Past Scientific Contributions

Past Scientific Contributions

In what follows a compendium of significant materials chemistry and nanochemistry contributions from our research group will be briefly described.

  • Naked metal clusters – “atom-by-atom” synthesis of controlled nuclearity, ligand-free metal clusters enabled the first insight into the fuzzy interface between molecular nanoclusters and quantum size nanocrystals.
  • Chemistry of naked metal clusters – “atom-by-molecule” synthesis provided the first insight into cluster-surface relations involving molecules binding to bare metal atoms and clusters compared to molecules chemisorbed on metal surfaces.
  • Nanoporous materials – first to transition the half-century old field of zeolite science from traditional catalysis and gas separation into the new world of nanoporous materials through nanochemistry, trendsetting research that enabled a plethora of advanced nanoporous materials technologies.
  • Biomimetic materials chemistry – transferred Nature’s best materials ideas into the advanced materials and nanomaterials chemistry laboratory – first to found the field of morphosynthesis that focuses on growth and form of organic template inorganic materials with “natural form”.
  • Hybrid nanomaterials chemistry – first to invent a new class of nanocomposites called periodic mesoporous organosilicas (PMOs), with properties that transcend the sum of inorganic and organic components, finding widespread interest in microelectronic packaging, catalysis, dental implants and drug delivery.
  • Host-guest inclusion chemistry – amongst the first to synthesis of size, shape and surface controlled semiconductor and metallic nanomaterials nucleated, grown and stabilized within the spatial confines of nanoporous hosts – inspired research on colloidal nanocrystals.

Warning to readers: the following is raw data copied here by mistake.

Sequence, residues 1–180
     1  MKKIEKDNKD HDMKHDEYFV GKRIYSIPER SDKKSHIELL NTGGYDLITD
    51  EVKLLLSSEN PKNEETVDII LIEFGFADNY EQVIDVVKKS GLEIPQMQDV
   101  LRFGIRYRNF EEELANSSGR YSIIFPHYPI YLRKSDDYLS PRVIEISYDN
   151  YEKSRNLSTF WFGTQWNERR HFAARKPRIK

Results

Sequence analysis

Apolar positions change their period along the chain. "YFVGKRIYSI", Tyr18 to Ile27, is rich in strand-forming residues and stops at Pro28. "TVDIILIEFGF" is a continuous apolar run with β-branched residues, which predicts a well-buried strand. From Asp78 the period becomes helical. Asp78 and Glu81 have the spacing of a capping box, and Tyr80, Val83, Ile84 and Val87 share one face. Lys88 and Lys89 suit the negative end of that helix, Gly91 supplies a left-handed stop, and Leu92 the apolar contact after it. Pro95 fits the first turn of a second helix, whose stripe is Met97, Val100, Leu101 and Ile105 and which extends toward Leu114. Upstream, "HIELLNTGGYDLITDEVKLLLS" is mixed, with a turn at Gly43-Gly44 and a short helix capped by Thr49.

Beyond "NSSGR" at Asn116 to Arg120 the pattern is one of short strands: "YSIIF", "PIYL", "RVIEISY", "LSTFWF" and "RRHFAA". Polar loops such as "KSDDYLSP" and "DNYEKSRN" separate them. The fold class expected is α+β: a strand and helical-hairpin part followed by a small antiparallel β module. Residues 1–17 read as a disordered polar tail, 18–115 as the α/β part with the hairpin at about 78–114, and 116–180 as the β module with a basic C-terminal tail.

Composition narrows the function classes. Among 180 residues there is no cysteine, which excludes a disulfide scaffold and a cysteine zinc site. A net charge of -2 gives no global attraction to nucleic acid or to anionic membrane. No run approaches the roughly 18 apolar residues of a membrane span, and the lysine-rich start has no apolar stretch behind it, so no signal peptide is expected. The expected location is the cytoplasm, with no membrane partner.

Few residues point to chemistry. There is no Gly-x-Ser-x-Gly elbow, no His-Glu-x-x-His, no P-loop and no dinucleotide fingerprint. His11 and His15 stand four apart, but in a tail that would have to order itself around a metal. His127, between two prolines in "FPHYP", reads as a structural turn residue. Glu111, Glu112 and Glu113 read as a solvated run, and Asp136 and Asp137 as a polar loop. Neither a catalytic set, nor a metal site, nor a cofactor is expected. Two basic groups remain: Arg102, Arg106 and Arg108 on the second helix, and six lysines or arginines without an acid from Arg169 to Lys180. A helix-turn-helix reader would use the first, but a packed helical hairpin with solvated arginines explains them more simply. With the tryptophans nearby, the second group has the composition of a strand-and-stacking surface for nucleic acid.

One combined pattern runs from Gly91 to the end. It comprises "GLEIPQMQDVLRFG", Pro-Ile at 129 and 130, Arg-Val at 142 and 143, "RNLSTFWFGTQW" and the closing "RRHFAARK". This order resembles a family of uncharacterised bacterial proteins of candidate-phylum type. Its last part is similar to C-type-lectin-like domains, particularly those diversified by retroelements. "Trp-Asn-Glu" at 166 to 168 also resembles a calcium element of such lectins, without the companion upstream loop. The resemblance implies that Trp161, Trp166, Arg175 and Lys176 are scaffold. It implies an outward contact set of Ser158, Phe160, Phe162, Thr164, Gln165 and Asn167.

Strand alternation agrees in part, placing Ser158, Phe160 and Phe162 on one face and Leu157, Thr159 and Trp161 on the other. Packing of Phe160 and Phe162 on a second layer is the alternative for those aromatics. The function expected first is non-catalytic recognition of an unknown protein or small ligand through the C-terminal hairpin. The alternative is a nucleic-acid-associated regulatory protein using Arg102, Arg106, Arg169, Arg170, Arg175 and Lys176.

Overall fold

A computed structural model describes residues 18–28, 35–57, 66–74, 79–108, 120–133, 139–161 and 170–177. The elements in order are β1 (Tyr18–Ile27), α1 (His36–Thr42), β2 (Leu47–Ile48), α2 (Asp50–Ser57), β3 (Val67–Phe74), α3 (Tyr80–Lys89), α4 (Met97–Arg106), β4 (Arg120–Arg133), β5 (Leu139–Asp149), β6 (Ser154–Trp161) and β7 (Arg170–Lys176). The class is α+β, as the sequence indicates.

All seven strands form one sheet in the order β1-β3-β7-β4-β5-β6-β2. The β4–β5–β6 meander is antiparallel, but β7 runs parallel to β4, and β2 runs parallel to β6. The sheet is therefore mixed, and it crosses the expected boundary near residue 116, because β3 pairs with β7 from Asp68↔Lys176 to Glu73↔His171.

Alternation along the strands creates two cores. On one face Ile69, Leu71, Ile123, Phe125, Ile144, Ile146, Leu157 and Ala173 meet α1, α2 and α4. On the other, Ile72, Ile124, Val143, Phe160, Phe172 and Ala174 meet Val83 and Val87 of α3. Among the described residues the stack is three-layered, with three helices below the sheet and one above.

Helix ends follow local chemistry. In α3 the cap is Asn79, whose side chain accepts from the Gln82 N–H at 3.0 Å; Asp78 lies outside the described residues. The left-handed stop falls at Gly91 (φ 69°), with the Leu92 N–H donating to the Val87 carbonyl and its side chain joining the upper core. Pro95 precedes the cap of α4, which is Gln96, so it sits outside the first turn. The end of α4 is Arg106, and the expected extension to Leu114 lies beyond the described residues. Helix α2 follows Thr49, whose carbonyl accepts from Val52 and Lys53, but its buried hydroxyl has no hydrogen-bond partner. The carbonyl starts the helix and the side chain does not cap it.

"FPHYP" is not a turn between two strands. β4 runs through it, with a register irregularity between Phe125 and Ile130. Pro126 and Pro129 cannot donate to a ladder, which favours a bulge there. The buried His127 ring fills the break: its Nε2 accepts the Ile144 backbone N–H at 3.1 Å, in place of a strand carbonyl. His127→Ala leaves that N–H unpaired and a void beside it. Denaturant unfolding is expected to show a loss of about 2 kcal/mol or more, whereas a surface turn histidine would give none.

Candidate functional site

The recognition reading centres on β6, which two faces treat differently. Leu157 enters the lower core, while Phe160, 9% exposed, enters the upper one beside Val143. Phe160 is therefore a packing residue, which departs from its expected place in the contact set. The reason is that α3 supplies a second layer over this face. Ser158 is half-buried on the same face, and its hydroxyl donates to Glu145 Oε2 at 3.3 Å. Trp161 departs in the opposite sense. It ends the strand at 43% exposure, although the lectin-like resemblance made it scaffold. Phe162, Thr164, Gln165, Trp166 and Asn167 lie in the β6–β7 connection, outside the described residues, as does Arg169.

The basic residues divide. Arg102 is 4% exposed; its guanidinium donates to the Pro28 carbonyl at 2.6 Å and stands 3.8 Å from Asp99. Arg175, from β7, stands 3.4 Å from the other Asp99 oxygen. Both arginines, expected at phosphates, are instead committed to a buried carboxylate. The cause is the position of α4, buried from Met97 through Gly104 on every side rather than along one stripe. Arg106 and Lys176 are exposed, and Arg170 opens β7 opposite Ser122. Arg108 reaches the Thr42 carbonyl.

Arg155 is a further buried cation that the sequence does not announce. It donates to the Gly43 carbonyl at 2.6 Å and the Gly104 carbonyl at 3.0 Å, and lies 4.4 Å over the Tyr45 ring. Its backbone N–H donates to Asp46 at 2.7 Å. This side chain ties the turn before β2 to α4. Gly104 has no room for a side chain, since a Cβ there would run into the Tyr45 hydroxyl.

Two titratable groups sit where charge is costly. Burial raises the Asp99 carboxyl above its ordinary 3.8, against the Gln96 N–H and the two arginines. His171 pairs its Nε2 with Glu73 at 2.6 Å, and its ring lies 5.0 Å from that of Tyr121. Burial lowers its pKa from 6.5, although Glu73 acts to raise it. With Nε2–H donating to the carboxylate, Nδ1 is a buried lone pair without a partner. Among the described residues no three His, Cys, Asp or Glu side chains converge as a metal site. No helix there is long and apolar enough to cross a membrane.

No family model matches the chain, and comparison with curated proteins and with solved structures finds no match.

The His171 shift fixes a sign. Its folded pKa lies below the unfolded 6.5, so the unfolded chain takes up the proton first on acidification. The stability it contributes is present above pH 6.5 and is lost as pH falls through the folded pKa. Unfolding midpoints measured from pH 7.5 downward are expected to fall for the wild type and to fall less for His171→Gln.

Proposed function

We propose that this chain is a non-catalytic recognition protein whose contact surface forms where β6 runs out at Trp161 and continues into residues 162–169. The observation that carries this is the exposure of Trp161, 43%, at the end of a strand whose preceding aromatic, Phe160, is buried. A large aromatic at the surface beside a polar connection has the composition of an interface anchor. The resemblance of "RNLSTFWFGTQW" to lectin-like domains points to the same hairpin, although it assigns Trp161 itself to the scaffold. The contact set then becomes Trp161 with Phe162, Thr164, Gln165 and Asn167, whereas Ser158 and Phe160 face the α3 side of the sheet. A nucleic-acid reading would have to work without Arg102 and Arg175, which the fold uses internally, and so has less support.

• Mesoscopic materials chemistry – first to demonstrate the growth and form of self-assembled materials with structural features between nanoscopic and macroscopic scales, exemplified by spheres, wires, rods, helices, films and lithographic patterns that underpin many of today’s nanotechnologies.
  • Photonic crystal materials chemistry – chemistry approach to the world’s first silicon photonic crystal with a complete photonic bandgap at optical telecom wavelengths, research that enabled for the first time actively tuned photonic color devices being commercialized by
  • Nanolocomotion – co-founded the first demonstration of futuristic and rapidly expanding field of autonomous nanomotors and purposeful nanomachines whose power is obtained from on-board catalytic reactions of energy-rich fuels.

Recent Scientific Accomplishments

Over the past decade our research group has been exploring new and exciting synthetic pathways to novel classes of nanomaterials, exemplified by nanocrystals and nanowires, nanoporous materials and nanophotonic crystals. These nanomaterials are considered to be of interest to a wide range of fundamental studies in nanoscience ultimately of relevance to the field of nanotechnology.

In synopsis form, a selection of some of the more significant contributions that have emerged from our group’s research during the past five years and that have benefited from the scientific input of national and international collaborators in chemistry and physics, materials science and engineering, biology and medicine include the following: